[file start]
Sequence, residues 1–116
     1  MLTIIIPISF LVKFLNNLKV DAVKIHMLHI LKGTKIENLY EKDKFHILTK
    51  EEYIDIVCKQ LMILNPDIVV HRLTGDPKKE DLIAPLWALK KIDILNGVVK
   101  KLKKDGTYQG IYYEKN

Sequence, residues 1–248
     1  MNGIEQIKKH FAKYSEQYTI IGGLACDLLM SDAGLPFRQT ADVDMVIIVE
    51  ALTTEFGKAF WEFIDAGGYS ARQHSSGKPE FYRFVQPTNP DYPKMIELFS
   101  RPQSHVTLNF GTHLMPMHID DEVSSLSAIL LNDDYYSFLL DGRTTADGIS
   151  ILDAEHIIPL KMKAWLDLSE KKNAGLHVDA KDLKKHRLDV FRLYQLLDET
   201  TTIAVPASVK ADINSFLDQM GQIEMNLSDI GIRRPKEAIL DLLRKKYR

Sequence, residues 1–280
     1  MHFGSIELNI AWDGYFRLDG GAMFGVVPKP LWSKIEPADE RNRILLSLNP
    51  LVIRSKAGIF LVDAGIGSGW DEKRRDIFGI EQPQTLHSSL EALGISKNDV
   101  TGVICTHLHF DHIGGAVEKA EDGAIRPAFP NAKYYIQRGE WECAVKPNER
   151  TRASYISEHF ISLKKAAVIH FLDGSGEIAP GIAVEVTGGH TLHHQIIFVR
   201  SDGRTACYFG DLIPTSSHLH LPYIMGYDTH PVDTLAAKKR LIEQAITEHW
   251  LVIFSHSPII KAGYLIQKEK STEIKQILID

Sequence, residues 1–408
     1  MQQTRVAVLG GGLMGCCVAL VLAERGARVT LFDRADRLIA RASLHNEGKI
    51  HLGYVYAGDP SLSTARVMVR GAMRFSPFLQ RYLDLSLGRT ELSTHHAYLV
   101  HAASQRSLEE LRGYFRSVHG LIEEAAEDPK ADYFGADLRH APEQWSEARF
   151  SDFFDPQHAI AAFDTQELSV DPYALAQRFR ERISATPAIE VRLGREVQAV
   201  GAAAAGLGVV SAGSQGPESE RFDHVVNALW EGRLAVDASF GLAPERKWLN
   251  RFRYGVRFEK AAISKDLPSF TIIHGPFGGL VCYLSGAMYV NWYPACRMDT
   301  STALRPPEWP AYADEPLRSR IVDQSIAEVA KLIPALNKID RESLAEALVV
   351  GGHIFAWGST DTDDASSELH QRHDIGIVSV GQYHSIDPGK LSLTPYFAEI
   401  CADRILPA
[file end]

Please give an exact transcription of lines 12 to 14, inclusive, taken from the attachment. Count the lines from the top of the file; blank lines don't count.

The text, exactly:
     1  MHFGSIELNI AWDGYFRLDG GAMFGVVPKP LWSKIEPADE RNRILLSLNP
    51  LVIRSKAGIF LVDAGIGSGW DEKRRDIFGI EQPQTLHSSL EALGISKNDV
   101  TGVICTHLHF DHIGGAVEKA EDGAIRPAFP NAKYYIQRGE WECAVKPNER